7.20pm Saturday, BBC1
Knock Knock marks the Doctor Who debut of Mike Bartlett, the award-winning playwright who brought Doctor Foster to BBC1 in 2015 – and he’s delivered one of the eeriest episodes in a long while.
Bill and five student buddies are looking for digs. After a series of amusingly hopeless viewings, they’re shown round a rambling old pile with an irresistibly low rent. What’s the catch? The landlord (a pallid David Suchet creeping about with a tuning fork) certainly isn’t letting on.
Freak draughts, 1930s sockets and no mobile signal are the least of their problems. Creaking woodwork and floorboards and a fright that lurks in the “unsafe” tower are what they ought to be scared of. As night closes in and Bill’s friends vanish one by one, can her cool/embarrassing “grandfather” come to her aid?
I adore an Old Dark House chiller and this is up there with the finest. It doesn’t offer much in the way of black humour, but there are plenty of flesh-crawling thrills. Prepare to develop xylophobia – an irrational fear of wood.
9pm Saturday, BBC4
Baleful DCI Tom Mathias stills bears the wounds of the attack at the end of the last series as he surveys the charred wreck of his caravan. OK, so it wasn’t Chatsworth, but it was home.
But he must snap out of his reverie, a minister is found murdered, his head smashed with a hammer, in his gloomy chapel. The victim wasn’t entirely popular, not even with his family, and one former member of the congregation calls him a “self-righteous fool”.
In between long, searching stares at nothing in particular (a Hinterland trademark), Mathias (Richard Harrington) and his right-hand woman Mared Rhys (Marli Harries) visit a series of appallingly decorated front rooms/shacks to interview universally hostile witnesses/suspects.
It’s all terrifically miserable but undeniably atmospheric, though it’s hard to pinpoint what glowers more, the clouds muffling the Welsh hills, or Mathias.
9pm Saturday, BBC2
On the surface, director Dan Gilroy’s feature debut is a state-of-the-nation address that uses California – with its lurid early-morning news reports covering car crashes, homicides and shoot-outs – as the rest of the USA in microcosm. However, at its heart, this dark and entertaining neo-noir is a fascinating character study, with a dramatically skinny Jake Gyllenhaal as its antihero, the smart, calculating and possibly sociopathic Louis Bloom. A loner searching for work, Bloom sees his chance when he spots a freelance news crew combing the streets of LA. Investing in a camera, he starts his own career as a video journalist, selling his wares to Nina (Rene Russo), manager of a local TV station. As Bloom’s media empire takes off, ethics quickly fall by the wayside, and Nightcrawler begins to reveal itself as a modern morality tale. The nightmares that Bloom is selling are immaterial; what terrifies more is the cut-throat corporate culture that so willingly pays him – and pats him on the back.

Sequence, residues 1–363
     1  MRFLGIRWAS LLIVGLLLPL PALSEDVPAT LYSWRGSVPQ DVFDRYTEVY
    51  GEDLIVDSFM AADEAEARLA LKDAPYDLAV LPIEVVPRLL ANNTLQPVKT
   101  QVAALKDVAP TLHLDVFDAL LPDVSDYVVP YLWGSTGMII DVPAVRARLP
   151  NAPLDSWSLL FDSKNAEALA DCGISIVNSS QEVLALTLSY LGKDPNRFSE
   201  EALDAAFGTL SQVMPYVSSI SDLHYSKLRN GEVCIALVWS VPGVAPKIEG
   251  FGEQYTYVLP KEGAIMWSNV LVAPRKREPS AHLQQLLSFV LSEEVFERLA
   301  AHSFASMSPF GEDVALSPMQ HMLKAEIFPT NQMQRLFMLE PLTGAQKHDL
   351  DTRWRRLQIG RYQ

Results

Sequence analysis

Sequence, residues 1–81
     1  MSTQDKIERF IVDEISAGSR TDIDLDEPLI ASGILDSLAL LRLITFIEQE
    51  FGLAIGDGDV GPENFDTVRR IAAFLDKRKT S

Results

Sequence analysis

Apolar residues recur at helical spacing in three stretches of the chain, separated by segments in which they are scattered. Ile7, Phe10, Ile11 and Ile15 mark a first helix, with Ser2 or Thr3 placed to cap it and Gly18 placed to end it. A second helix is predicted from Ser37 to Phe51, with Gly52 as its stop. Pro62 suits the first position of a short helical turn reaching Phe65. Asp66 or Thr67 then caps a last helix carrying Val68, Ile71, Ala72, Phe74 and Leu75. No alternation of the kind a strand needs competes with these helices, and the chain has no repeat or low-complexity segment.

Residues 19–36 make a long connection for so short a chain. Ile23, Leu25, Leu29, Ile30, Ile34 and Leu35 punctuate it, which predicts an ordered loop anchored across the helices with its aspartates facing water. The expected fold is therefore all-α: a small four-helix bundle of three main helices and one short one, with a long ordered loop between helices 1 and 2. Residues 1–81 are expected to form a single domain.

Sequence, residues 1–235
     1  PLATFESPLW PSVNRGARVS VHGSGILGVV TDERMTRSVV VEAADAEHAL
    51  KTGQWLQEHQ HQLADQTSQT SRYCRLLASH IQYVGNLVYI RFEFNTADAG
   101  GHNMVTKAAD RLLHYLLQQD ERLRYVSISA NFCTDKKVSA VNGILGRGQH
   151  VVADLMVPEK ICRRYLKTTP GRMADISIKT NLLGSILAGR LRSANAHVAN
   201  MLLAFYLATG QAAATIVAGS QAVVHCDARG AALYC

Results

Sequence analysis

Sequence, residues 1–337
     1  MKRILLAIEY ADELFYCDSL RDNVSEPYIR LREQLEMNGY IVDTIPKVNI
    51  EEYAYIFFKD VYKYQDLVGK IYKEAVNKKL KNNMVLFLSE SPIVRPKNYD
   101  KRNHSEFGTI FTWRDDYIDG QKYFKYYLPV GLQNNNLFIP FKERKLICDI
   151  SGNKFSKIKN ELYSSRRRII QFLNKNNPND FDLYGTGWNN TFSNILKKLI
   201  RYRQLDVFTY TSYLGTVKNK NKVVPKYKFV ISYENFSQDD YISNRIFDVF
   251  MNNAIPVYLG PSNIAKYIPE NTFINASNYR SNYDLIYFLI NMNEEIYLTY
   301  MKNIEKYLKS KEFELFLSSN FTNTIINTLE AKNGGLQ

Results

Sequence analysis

8pm Sunday, BBC1
It’s 1993 and Barbara Windsor’s career is in the doldrums as she does one-night shows in cheap seaside venues. But the ghosts of her past come crowding in and the years peel away to reveal her younger self…
Tony Jordan’s sympathetic, sentimental biopic is brilliantly acted by Samantha Spiro (as older Babs) and Jaime Winstone, though the conceit – the loved and lost “visit” Barbara in the theatre – takes a while to get going.
Nick Moran is Barbara’s adored dad, a man who turned his back on his daughter after an acrimonious divorce from her mum, but who returns to comment on the various stages of Barbara’s life – her nightclub singing career, her movies and her men, notably that thieving rogue, Ronnie Knight.
Zoë Wanamaker makes every scene count as the mercurial, brilliant, bizarre director Joan Littlewood, and the real Dame Barbara Windsor makes a handful of cameo appearances.
9pm Sunday, ITV
Once again the streets and meadows of Grantchester are a battleground. There are shootings and blows, yes, but the real battle is between buttoned-up 1950s morality and the approach best summed up by the theme of Sidney’s sermon: “This is the life we are here for… We owe it to ourselves to live it.”
Except he’s not living it. He’s all eaten up inside because he and Amanda can’t be together, so he goes for joyless runs across the meadows and pushes himself like a man possessed – then reaches for the whisky bottle. So while Geordie is tormented by the affair he’s having (with young Margaret at the station, remember), Sidney is tormented by the one he’s not.
All very sad, but they find time to tackle a spate of armed robberies – and a bingo night in the church hall, where Mrs Maguire notes cheerily, “Nothing fun is without sin.”
YouTube star Riyadh Khalaf, who’s a much better presenter than a lot of vloggers, fronts a series on LGBT issues. First, he looks at whether faith and homosexuality are compatible, talking to religious extremists who say no, and young people from religious backgrounds who have now come out.